GRENADIAN voters go to the polls tomorrow for the 9th time since the US-led invasion that ended the March 13th, 1979 revolution and it will be the 2nd time they will be doing so on March 13th, the revolution’s anniversary date.
On both occasions the date was set by the New National Party (NNP) of Prime Minister Dr Keith Mitchell, but it lost the first time around.
Will the NNP succeed in winning on its 2nd try? Or, will the opposition National Democratic Congress (NDC) win on March 13th a 2nd time?
The NNP, under Mitchell, has performed humungous electoral feats, including winning all contested seats. But it has also been proven not to be invincible, its electoral losses including a keen Constitutional Review contest.
The NDC, on the other hand, also has experience in government, twice winning earlier polls and always demonstrating its readiness for any electoral contest.
So, what to expect tomorrow?
Nobody knows — not even the pollsters, who have been proven wrong much too often of late to be relied upon as lighthouses that’ll spot the new dawn even before its sun rises.
The NNP has gone into the election as any ruling party would, touting its achievements in office and fulfilment of those promises that have indeed been fulfilled. The NDC naturally sought to paint the ruling party and government in the worst term possible to minimize the NNP’s vote count.
Today, apart from purely local constituency matters, most of the national problems facing CARICOM and OECS nations are essentially or bordering on the same.
Saint Lucians will therefore understand that like us, voters in other Caribbean countries are always mostly interested in are jobs, more and better opportunities, respect for their rights, improvement of their social conditions, a vision for the future and a government that will actually act on all those same old complaints the some old voters have been making in previous elections that never got attended to.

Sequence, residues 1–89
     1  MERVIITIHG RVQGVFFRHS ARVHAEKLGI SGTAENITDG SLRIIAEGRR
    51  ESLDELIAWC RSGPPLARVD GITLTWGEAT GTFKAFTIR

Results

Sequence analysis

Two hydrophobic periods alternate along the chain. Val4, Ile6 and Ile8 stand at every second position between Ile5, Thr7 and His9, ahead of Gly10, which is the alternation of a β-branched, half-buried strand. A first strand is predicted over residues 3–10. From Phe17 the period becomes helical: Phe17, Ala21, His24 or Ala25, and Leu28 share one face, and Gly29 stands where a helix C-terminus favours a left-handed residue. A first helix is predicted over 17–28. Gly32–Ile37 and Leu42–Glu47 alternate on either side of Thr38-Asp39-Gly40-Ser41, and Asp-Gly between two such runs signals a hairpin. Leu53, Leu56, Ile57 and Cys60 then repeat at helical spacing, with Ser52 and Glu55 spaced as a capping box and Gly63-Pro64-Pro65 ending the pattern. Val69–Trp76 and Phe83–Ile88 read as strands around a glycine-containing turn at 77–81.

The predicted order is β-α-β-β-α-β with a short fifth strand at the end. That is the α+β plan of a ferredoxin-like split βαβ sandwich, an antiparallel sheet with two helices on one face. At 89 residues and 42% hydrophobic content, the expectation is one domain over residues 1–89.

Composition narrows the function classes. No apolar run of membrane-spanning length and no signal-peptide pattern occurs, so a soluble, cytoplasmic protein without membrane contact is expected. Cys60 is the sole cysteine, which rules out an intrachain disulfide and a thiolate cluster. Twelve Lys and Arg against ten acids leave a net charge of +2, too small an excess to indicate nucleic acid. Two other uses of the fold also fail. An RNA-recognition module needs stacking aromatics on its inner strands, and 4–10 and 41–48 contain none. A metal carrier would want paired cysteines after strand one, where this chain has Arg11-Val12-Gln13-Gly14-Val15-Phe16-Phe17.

Today, matters at electoral stake across the region continue to include effects of taxation policies, how national natural resources are handled, Citizenship by Investment policies, Human Rights and the same old issues of previous elections.
The effects of new Information Technology (IT) and the instantaneity of Social Media has increasingly yielded more voters, but also with a greater proportion of young people showing growing interest in political matters at home and abroad.
Caribbean women have traditionally always been the most active and effective political operators in election campaigns. It is they who go house-to-house to canvas votes, influencing those who haven’t made their minds up — and convincing those who have, to change their minds.
Yet, even the support of women and youth can come at prices not bargained for, as parties today (that can afford) hold no brakes when it comes to flinging the bling.
The money factor has always been crucial, which is probably why no Caribbean government has yet criminalized and/or moved to prosecute against the act of ‘buying votes’ – and few show interest in anything that will reduce their chances of making money talk in elections.
Tomorrow, Grenadians will vote for their next government, whether NNP or NDC – or indeed whatever else our Westminster first-past-the-post, winner-take-all, electoral horse-race system might throw at us. (Remember the trailer-load of lessons from Saint Lucia’s own historic and unprecedented two General Elections in 21 days?)
Whichever party wins, Grenada’s problems will remain (at least) exactly what they entered the election campaign with.
The difference will be in what whichever wins will do or be able and/or willing to do to take the country out of the continuing state of national uncertainty that’s been the major factor driving all the manifesto and other promises of all contending parties.
Here’s to the winner(s)!